Most younger PAs don’t remember Candid Camera, a very popular and long-running “hidden camera” reality TV series which ran from 1948 to 2014. The theme of this comedy show was to “put unsuspecting people on the spot.” Every episode ended with a reference to the show’s slogan: “Smile, you’re on Candid Camera!” A year before the television series began, the creator/producer had a radio program called “The Candid Microphone.” Both shows had the same goal: to catch a person making a ridiculous statement or to actually film a situation where someone was being set up to look foolish. But how, you may ask does this relate to the practice of medicine in the 21st century? Read on….
I recently read an article about people at a gym who chose to have themselves filmed doing their exercises, for the purpose of documenting and improving their technique. However, many gyms will not permit the use of videotaping during workouts because it infringes on the privacy of other patrons. This is similar to HIPPA laws that are in place to protect the patient. Sweaty bodies in awkward positions wearing certain types of clothing is a very private matter to most people and few would like uninvited community members to observe this ritual. And audiotaping supposed “private conversations” in this context, is another infringement on the rights of unsuspecting members of the conversation.
I pose this question: Why do patients and people in the street seem to have broader rights than we healthcare professionals?
After many years in private practice and emergency medicine, I have taken note of the egos of some professionals. We’re all aware of the stereotypes: plastic surgeons, famous cardiac surgeons, and other high-profile specialties are well known to have a very “high sense-of-self”. I have seen surgeons outright lie about their experiences and the number of cases they have performed, and heard others embellish their background when asked. Given the human condition, there will always be some individuals who will need to be recognized, lauded and applauded. But this condition can be fatal. In the digital age, you can never know if your comments are being recorded to be used against you.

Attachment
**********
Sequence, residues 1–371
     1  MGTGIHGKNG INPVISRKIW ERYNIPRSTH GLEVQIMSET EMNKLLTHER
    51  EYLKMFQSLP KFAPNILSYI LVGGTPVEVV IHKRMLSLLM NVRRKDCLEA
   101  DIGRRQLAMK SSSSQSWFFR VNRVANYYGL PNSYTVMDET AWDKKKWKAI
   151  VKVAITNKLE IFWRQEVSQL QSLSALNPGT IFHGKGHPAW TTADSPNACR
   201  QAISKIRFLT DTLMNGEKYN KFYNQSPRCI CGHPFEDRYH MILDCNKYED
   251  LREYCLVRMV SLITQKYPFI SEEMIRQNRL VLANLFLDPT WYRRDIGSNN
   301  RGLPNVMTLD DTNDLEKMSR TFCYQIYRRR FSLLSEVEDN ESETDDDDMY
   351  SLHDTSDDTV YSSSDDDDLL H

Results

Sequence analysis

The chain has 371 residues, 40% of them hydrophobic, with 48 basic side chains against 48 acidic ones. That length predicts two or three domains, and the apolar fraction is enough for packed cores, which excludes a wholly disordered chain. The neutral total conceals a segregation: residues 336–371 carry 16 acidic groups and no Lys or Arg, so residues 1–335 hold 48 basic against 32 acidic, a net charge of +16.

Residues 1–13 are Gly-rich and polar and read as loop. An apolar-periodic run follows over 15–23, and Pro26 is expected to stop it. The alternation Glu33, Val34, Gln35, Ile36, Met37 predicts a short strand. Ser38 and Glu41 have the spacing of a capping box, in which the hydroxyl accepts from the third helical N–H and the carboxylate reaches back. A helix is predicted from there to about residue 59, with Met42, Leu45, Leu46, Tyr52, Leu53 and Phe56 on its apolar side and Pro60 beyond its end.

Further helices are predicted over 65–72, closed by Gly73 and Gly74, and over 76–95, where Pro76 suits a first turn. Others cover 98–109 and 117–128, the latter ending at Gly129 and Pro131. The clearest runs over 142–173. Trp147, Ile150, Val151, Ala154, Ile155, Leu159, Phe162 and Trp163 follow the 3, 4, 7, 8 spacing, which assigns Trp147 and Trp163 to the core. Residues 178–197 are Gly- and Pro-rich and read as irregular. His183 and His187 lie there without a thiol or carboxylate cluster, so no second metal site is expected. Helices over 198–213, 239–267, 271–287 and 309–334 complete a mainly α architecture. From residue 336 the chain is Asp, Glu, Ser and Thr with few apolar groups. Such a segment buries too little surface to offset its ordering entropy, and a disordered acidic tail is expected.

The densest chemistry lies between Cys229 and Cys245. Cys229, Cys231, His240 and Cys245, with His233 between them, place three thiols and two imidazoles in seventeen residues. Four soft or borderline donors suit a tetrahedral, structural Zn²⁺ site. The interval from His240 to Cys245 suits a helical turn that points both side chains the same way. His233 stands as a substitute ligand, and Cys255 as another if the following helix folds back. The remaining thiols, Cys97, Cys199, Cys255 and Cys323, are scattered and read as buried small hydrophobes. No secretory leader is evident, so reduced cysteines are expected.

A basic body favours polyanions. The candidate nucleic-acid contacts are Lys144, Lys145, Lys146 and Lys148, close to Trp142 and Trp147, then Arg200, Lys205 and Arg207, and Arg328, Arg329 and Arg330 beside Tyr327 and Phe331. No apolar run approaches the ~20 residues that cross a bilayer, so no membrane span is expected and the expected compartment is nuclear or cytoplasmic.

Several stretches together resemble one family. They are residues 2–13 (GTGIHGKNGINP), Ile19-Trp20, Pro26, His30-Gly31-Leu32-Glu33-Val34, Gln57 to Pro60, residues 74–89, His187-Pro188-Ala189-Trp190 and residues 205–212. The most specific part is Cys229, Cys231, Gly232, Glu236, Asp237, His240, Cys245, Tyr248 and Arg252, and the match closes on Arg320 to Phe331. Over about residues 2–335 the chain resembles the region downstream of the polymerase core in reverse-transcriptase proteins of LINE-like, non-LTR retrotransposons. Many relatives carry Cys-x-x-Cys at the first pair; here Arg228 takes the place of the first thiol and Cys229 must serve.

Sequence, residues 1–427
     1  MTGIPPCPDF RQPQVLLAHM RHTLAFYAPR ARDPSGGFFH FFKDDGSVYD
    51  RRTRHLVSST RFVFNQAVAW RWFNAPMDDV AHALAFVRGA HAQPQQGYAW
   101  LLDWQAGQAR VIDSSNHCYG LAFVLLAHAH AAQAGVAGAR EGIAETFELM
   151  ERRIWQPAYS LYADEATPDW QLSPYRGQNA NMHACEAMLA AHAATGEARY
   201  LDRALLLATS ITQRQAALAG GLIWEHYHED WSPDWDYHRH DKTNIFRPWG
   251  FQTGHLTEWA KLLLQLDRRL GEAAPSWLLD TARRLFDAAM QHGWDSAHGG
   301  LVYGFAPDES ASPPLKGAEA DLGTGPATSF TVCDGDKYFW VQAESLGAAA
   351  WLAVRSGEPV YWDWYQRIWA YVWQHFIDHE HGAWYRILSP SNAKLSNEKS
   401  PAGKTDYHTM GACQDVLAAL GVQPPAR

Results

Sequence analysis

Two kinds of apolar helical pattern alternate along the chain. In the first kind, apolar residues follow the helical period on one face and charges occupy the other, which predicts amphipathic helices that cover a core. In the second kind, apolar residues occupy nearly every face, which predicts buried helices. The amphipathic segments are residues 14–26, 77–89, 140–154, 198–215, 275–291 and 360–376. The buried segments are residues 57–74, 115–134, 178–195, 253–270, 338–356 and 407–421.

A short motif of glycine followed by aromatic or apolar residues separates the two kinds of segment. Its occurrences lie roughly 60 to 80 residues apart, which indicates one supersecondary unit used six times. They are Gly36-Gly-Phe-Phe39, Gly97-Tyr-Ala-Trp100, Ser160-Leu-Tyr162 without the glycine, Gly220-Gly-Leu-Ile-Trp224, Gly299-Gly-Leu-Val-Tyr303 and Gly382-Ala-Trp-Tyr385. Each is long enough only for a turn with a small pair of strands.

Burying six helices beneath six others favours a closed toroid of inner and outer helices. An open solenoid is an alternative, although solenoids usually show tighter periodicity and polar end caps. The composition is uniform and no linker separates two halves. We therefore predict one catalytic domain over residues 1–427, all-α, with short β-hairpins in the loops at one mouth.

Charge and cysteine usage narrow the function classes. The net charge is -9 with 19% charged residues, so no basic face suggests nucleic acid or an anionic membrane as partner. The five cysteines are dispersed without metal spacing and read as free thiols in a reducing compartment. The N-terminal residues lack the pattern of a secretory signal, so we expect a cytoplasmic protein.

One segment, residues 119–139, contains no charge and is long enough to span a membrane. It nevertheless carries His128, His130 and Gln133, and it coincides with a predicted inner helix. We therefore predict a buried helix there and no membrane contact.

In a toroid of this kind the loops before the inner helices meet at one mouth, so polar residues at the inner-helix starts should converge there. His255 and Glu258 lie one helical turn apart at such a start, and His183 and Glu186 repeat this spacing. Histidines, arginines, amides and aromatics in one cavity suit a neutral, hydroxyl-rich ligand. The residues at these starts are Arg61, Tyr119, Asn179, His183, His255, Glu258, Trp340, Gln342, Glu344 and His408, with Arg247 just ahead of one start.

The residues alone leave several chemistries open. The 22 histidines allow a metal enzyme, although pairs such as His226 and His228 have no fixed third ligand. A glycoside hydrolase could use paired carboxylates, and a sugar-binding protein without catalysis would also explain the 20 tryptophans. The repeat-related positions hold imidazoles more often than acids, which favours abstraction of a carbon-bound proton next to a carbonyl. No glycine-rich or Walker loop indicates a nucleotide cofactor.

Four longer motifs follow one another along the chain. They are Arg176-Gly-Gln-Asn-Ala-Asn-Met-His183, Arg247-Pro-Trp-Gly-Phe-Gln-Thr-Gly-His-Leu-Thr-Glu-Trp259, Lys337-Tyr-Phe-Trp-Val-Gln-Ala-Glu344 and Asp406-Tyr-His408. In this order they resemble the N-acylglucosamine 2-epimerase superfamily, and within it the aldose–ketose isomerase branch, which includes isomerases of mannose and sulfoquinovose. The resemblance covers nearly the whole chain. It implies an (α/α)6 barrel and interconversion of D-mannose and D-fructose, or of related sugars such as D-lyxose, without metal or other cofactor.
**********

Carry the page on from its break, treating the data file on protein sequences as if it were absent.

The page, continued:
A few years ago, I was asked by a patient to observe the technique of a PA who had just performed a complex closure on one of their family members. What I heard was a grandiose provider recounting his long history of repairing lacerations. But what I observed were his poor sterile and infiltration techniques, his poor choice of suture and instrumentation and his lack of effort to explore for a foreign body or a nerve injury. I asked why they had a video of this procedure and their response was that the provider wanted to demonstrate his “superb treatment”. I have been a plastic surgery PA for over four decades; perhaps my experience and skills may have surpassed his, but I avoided comment on the “superb treatment” I had just witnessed.
So here’s the takeaway: NEVER, never, ever allow a patient or family member to film or record your conversation, your examination, or your treatment. This is your right, so as soon as you see a recording device of any type, you have the right to ask that it be shut it off as it is against HIPPA laws. This burdens you with yet one more assessment: having both skill and intuition in spotting this infringement on your privacy. This is a risk management issue that demands our attention.
Practices and clinicians have been sued because of promises that were made and recorded and because of what the camera captures. A cell phone being used for these purposes is tantamount to having an attorney sit in on the conversation. It is essential that a practice has guidelines for these situations and that the patient is aware of office regulations. My goal is simply to highlight this risk management issue. Compliance requires the cooperation of both the staff and the patient. I would advise that you check health law and policy in your own state to understand what situations may or may not be applicable.
What if you are served with a subpoena for a situation involving information I have just discussed? That is the domain of malpractice insurance, but certain phrases in the policy need to be observed to assure the provider that they have not erred from a practice stipulation. This is where malpractice policies differ and are confusing and, in some cases, inadequate. The best solution is to have an individual professional liability insurance policy that specifically names you as the owner and covers your actions. CM&F’s policy is underwritten by the venerable Medical Protective Company; A.M. Best rated A++ (Superior).
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By Robert M. Blumm, PA, DFAAPA, PA-C Emeritus
PA Advisor to CM&F